Itzhak Perlman is the epitome of the word legend. I know I use it often, and have been very fortunate to spend brief moments with a few who have kindly reciprocated by signing one of my scribbles. But Itzhak is undeniably the reigning virtuoso of the violin – the world’s greatest living exponent of the instrument. The 71 year-old Israeli-American
has won 15 Grammy and four Emmy Awards among countless other accolades.
When I found out he was doing a one-off appearance in London to conduct the Mozart Requiem with the Royal Philharmonic Orchestra and Chorus at the Royal Festival Hall last Sunday I immediately put pencil to paper and did this montage sketch, which he signed and dedicated. It’s one of my prize possessions.
Ruthie Henshall’s illustrious theatre career spans four decades, beginning with her West End debut in CATS in 1988, making appearances as Jemima, Demeter, Griddlebone and Grizabella after completing the UK tour of A CHORUS LINE. She is currently back on the London boards in the revival of CHICAGO at the Phoenix Theatre.
It’s a show she knows well. Having played Roxie Hart and Velma Kelly on a few occasions on the West End and Broadway, she is now the prison warden, Mama Morton, which makes her the only British actress to have played all CHICAGO’s leading female roles. She originated the role of Roxie in the 1997 London production, a performance that earned her one of five Olivier Award nominations. She won two years earlier for her portrayal of Amelia Balash in the revival of SHE LOVES ME.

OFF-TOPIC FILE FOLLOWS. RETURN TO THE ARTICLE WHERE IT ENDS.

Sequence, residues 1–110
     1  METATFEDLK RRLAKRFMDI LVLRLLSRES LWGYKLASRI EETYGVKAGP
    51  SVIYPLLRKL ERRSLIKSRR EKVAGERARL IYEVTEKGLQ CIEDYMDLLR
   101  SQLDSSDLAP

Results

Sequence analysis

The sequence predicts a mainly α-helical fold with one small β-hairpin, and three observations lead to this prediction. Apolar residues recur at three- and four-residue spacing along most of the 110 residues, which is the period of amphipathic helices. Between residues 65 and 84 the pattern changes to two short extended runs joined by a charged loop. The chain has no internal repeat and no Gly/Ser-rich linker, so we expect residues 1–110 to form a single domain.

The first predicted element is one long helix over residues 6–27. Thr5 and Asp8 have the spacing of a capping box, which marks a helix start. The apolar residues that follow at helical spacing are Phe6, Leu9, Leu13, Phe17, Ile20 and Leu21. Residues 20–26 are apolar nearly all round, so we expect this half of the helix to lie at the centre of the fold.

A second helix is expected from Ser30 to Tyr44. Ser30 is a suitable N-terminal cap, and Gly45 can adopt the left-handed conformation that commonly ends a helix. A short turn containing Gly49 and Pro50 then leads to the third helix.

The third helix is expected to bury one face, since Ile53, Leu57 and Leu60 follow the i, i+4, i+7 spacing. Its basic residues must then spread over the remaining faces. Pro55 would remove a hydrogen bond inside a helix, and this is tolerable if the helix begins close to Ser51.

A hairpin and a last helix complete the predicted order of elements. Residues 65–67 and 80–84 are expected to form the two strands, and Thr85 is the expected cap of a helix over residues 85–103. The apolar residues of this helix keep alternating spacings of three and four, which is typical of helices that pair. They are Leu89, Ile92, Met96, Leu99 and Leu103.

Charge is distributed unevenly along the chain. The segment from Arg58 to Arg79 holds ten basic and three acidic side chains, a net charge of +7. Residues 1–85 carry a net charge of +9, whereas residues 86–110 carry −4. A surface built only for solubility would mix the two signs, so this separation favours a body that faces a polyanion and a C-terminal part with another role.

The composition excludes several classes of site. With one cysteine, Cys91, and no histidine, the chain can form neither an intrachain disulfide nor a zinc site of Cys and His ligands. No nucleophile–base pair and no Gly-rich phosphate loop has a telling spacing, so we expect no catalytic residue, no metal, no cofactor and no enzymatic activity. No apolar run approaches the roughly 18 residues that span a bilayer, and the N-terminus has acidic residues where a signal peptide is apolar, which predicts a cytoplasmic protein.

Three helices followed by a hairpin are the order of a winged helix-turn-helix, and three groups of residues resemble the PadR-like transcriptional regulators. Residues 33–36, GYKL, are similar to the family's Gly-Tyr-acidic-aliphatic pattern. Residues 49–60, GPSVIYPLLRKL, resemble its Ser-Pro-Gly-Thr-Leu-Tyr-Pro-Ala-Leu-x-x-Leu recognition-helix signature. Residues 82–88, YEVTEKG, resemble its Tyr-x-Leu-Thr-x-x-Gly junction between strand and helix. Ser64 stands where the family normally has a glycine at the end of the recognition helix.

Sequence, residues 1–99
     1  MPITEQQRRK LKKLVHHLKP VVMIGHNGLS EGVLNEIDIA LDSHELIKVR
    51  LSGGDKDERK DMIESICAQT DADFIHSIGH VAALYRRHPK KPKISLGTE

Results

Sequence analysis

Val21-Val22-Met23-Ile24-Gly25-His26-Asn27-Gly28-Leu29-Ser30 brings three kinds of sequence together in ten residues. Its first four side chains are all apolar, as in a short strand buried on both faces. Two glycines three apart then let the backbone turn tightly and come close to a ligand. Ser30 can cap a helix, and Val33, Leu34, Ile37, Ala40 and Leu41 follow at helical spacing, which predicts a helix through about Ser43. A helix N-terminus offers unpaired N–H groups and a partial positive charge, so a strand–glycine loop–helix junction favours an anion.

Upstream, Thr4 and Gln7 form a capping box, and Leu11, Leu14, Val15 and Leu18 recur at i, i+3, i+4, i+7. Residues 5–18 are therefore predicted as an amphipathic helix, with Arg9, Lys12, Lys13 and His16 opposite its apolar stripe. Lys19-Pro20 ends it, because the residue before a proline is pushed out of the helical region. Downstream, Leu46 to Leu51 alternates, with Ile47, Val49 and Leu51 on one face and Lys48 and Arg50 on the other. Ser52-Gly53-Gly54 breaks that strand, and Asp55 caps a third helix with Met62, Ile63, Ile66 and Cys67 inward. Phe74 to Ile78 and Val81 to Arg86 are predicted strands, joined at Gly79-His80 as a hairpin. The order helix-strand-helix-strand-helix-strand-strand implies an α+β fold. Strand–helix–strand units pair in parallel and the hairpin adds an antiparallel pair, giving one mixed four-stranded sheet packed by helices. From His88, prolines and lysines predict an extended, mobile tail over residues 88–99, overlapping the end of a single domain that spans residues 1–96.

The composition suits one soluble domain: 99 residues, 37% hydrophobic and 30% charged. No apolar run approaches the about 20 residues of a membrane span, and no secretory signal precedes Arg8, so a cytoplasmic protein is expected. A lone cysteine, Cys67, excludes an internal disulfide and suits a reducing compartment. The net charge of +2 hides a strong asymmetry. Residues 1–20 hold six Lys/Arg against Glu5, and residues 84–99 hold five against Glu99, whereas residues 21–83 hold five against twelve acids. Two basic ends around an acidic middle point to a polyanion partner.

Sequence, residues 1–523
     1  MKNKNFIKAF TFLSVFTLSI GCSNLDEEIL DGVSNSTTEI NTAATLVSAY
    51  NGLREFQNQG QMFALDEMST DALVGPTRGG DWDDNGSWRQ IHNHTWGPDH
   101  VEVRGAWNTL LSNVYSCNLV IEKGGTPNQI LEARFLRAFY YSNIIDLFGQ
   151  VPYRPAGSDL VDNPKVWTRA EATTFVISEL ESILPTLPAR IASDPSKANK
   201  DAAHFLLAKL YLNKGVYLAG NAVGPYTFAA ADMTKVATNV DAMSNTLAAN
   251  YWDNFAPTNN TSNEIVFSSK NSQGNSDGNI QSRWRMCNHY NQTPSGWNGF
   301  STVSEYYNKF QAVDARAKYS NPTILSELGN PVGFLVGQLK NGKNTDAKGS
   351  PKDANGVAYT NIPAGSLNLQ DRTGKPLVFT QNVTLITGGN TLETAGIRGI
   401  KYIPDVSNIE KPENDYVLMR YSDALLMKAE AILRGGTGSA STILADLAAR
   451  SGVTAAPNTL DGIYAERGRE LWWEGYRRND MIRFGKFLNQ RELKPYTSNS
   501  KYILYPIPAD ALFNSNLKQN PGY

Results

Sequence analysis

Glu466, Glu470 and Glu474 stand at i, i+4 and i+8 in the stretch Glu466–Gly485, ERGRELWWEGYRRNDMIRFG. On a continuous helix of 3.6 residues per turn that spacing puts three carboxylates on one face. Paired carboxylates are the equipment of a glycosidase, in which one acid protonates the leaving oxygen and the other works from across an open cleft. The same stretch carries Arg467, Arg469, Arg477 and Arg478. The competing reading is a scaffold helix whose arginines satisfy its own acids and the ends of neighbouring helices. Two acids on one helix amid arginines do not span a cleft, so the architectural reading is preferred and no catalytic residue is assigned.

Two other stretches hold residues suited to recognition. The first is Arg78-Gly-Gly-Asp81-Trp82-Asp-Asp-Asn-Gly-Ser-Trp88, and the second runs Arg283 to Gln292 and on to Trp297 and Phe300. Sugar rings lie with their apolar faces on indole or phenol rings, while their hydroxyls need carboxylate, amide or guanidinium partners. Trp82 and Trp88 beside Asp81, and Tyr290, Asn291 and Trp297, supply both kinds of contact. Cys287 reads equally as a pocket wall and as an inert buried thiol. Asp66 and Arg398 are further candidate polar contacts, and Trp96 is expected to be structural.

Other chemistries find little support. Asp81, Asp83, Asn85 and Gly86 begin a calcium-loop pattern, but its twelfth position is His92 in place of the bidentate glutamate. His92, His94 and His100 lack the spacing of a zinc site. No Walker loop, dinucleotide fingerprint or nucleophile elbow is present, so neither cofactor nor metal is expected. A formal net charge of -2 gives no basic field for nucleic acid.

Prior to this year’s CHICAGO, Ruthie joined the cast of BILLY ELLIOT THE MUSICAL as the straight talking dance teacher Mrs Wilkinson for the last 18 months of it’s eleven year run at the Victoria Palace Theatre. I drew this drawing of her, which she signed for me at the Phoenix stage door on Saturday and remarked on the impressive sweater she got to wear, which, by the way took me longer to render than the rest of the sketch and she said it was and she should have kept it.
Welsh actress Sian Thomas, known for her big screen role as Amelia Bones, the Head of Magical Law Enforcement at the Ministry of Magic in 2007’s HARRY POTTER AND THE ORDER OF THE PHOENIX also has an impressive set of stage credentials. She is currently playing Aunt Pat in Jez Butterworth’s epic new play THE FERRYMAN at London’s Gielgud Theatre, which ends this month.
The last time I saw Sian on the West End was in Peter Nichol’s PASSION PLAY at the Duke of York’s in 2013. She was the ‘friend’ who decides to enlighten Zoe Wannamaker’s character about her husband’s betrayal, a performance Charles Spencer in his Telegraph review describes as “memorably bitter.”
I had been carrying this sketch of Sian around in my ‘working’ file (probably ‘walking’ file is more apt given the miles I cover stalking stage doors) since I missed her at the Duke’s five years ago so took the opportunity to catch up before with her at the Gielgud on Saturday when she arrived for the matinee and signed it.
My latest Chicanery